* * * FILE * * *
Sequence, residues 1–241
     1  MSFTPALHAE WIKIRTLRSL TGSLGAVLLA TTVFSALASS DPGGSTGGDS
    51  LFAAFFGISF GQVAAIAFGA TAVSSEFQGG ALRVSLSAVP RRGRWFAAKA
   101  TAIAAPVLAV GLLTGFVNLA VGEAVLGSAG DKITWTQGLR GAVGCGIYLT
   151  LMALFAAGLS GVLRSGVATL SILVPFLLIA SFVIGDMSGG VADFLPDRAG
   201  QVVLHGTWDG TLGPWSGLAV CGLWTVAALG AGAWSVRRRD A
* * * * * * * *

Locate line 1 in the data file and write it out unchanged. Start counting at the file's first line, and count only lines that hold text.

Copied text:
Sequence, residues 1–241